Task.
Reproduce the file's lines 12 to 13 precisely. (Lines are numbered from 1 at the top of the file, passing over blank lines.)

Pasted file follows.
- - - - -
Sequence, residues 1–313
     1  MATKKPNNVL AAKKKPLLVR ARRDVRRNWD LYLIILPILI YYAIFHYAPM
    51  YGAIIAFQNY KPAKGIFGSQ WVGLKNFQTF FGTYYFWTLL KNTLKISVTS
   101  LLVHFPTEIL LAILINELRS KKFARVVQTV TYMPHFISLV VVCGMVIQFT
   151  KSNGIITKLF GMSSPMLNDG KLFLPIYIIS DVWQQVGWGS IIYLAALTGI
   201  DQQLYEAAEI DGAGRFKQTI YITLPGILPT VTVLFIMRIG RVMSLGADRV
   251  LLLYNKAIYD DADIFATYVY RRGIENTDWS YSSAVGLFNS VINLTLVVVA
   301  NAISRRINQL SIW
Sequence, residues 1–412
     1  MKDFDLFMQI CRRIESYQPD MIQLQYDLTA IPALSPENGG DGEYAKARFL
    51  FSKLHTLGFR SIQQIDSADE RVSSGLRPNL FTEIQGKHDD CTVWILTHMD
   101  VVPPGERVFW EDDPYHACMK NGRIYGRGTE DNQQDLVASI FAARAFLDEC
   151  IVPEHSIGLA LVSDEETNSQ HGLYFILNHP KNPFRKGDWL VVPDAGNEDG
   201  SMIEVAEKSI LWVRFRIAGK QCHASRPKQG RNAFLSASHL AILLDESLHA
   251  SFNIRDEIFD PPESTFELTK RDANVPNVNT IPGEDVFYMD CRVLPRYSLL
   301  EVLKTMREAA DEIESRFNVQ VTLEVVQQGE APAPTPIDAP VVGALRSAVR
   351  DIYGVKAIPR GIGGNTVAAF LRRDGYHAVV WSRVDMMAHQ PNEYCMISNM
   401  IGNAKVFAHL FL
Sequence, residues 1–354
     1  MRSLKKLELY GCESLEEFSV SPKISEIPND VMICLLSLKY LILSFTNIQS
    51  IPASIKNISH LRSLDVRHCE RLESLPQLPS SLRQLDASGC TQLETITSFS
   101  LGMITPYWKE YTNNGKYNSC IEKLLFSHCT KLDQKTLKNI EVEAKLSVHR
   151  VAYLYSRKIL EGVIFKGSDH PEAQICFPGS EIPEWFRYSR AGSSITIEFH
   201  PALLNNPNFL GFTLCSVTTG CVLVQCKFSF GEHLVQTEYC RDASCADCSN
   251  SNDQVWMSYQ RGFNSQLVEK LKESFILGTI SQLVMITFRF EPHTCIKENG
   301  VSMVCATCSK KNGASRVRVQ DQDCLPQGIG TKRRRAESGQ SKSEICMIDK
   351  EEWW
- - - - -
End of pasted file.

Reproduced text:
   101  VVPPGERVFW EDDPYHACMK NGRIYGRGTE DNQQDLVASI FAARAFLDEC
   151  IVPEHSIGLA LVSDEETNSQ HGLYFILNHP KNPFRKGDWL VVPDAGNEDG